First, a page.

PlayStation (often abbreviated PS, PSone or PS1, and informally as the PSX) is a 32-bit video game console of the fifth generation that was first released by Sony Computer Entertainment in December 1994.
The PlayStation was the first of the ubiquitous PlayStation series of console and hand-held game devices, which has included successor consoles and upgrades including the Net Yaroze (a special black PS with tools and instructions to program PS games and applications), PS one (a smaller version of the original), PocketStation (a handheld which enhances PS games and acts as a memory card), PlayStation 2, a revised, slimline PS2, PlayStation Portable (a handheld gaming console), a revised "PSP slim & lite", PSX (Japan only; a media center, DVR and DVD recorder based on the PS2), and PlayStation 3 (20GB, 40GB, 60GB, & 80GB). By March 31, 2005, the PlayStation and PS one had shipped a combined total of 102.49 million units, becoming the first video game console to reach the 100 million mark.
According to the book "Game Over", by David Scheff, the first conceptions of the PlayStation date back to 1986. Nintendo had been attempting to work with disc technology since the Famicom, but the medium had problems. Its rewritable magnetic nature could be easily erased (thus leading to a lack of durability), and the discs were a copyright infringement danger. Consequently, when details of CDROM/XA (an extension of the CD-ROM format that combines compressed audio, visual and computer data, allowing all to be accessed simultaneously) came out, Nintendo was interested. CD-ROM/XA was being simultaneously developed by Sony and Phillips. Nintendo approached Sony to develop a CD-ROM add-on, tentatively titled the "SNES-CD". A contract was signed, and work began. Nintendo's choice of Sony was due to a prior dealing: Ken Kutaragi, the person who would later be dubbed "The Father of PlayStation", was the individual who had sold Nintendo on using the Sony SPC-700 processor for use as the eight-channel ADPCM sound synthesis set in the Super Famicom/SNES console through an impressive demonstration of the processor's capabilities.
Sony also planned to develop another, Nintendo compatible, Sony-branded console, but one which would be more of a home entertainment system playing both Super Nintendo cartridges and a new CD format which Sony would design. This was also to be the format used in SNES-CD discs, giving a large degree of control to Sony despite Nintendo's leading position in the video gaming market.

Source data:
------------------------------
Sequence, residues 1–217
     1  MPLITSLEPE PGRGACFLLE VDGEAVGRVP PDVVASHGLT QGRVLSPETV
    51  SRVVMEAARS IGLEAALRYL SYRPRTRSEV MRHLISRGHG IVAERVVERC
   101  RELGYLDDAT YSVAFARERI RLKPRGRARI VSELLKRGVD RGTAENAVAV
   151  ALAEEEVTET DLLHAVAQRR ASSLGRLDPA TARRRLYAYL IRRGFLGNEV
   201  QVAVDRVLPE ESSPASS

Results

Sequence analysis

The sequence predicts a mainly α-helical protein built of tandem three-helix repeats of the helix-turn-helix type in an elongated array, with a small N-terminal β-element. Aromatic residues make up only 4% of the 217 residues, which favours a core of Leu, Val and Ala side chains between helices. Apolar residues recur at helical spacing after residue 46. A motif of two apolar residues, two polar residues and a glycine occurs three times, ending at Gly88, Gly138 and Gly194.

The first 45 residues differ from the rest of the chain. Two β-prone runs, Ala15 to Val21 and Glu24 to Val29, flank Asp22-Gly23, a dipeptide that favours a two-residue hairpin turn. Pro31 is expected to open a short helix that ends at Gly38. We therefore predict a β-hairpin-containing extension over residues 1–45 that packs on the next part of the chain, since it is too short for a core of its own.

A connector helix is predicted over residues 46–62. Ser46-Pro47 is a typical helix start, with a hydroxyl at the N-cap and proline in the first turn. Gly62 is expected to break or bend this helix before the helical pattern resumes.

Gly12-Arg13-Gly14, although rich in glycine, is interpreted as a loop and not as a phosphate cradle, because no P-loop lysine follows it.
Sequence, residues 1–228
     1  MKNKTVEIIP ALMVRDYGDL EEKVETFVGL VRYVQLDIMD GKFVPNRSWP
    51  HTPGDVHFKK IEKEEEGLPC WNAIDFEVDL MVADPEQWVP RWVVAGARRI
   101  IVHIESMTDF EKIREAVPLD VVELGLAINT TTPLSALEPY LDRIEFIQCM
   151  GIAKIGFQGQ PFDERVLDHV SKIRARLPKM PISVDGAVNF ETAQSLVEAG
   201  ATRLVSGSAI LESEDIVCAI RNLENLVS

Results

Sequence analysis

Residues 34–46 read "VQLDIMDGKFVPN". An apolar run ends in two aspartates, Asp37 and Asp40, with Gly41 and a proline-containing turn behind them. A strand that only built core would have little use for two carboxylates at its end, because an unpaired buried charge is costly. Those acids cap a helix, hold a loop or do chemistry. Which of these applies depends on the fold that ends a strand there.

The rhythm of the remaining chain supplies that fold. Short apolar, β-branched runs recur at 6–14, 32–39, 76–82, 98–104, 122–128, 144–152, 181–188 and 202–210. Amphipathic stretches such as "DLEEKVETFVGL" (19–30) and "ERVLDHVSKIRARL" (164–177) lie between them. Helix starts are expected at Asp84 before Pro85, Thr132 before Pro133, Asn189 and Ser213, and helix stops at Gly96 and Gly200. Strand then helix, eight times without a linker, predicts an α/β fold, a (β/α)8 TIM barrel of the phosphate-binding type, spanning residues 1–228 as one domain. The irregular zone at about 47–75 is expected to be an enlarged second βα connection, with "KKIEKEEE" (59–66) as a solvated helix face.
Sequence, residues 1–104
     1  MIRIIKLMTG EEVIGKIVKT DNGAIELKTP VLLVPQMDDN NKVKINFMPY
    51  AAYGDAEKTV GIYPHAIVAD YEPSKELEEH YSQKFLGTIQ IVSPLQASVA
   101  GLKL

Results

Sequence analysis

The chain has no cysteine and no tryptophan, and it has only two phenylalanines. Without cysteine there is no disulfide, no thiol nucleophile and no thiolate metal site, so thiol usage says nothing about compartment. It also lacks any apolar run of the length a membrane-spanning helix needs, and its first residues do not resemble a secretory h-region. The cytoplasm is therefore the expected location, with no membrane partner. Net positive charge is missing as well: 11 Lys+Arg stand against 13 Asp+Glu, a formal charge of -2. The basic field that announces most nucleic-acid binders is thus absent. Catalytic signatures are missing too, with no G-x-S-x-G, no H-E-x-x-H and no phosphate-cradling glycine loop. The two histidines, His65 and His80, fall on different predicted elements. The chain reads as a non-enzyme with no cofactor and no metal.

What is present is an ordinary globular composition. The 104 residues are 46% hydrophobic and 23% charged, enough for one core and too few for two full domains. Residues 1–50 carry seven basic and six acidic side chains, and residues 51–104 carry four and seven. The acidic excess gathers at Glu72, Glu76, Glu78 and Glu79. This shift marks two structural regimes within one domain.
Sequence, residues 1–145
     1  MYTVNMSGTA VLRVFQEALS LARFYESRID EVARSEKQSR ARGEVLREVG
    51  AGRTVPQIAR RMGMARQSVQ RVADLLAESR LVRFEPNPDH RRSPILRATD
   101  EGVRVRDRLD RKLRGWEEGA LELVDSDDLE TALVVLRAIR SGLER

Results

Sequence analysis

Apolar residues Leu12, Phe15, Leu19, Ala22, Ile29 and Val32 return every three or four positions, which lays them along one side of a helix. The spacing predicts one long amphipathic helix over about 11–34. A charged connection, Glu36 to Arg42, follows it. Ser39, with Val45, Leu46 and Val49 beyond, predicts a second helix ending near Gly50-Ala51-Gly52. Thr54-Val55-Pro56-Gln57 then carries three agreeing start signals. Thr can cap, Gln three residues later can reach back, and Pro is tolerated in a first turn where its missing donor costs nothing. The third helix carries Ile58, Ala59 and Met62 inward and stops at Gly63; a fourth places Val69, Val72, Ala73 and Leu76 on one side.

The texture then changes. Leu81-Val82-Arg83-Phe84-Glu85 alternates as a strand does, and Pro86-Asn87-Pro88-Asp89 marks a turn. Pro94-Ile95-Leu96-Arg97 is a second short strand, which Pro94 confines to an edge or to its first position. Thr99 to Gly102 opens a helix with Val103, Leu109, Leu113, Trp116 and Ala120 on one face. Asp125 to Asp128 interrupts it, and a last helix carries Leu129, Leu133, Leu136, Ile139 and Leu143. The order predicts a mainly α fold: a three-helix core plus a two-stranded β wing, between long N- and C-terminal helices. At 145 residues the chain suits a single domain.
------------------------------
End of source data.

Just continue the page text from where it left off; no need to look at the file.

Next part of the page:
The SNES-CD was to be announced at the June 1991 Consumer Electronics Show (CES). However, when Hiroshi Yamauchi read the original 1988 contract between Sony and Nintendo, he realized that the earlier agreement essentially handed Sony complete control over any and all titles written on the SNES CD-ROM format. Yamauchi decided that the contract was totally unacceptable and he secretly canceled all plans for the joint Nintendo-Sony SNES CD attachment. Instead of announcing a partnership between Sony and Nintendo, at 9 a.m. the day of the CES, Nintendo chairman Howard Lincoln stepped onto the stage and revealed that Nintendo was now allied with Philips, and Nintendo was planning on abandoning all the previous work Nintendo and Sony had accomplished. Lincoln and Minoru Arakawa had, unbeknown to Sony, flown to Philips headquarters in Europe and formed an alliance of a decidedly different nature—one that would give Nintendo total control over its licenses on Philips machines.
After the collapse of the joint project, Sony considered halting their research, but ultimately the company decided to use what they had developed so far and make it into a complete, stand alone console. As a result, Nintendo filed a lawsuit claiming breach of contract and attempted, in U.S. federal court, to obtain an injunction against the release of the PlayStation, on the grounds that Nintendo owned the name. The federal judge presiding over the case denied the injunction and, in October 1991, the first incarnation of the new Sony PlayStation was revealed. However, it is theorized that only 200 or so of these machines were ever produced.
By the end of 1992, Sony and Nintendo reached a deal whereby the "Sony Play Station" would still have a port for SNES games, but Nintendo would own the rights and receive the bulk of the profits from the games, and the SNES would continue to use the Sony-designed audio chip. However, Sony decided in early 1993 to begin reworking the "Play Station" concept to target a new generation of hardware and software. As part of this process the SNES cartridge port was dropped and the space between the names was removed.
Lasting over 11 years, the PlayStation enjoyed one of the longest production runs in the video game industry. On March 23, 2006, Sony announced the end of production.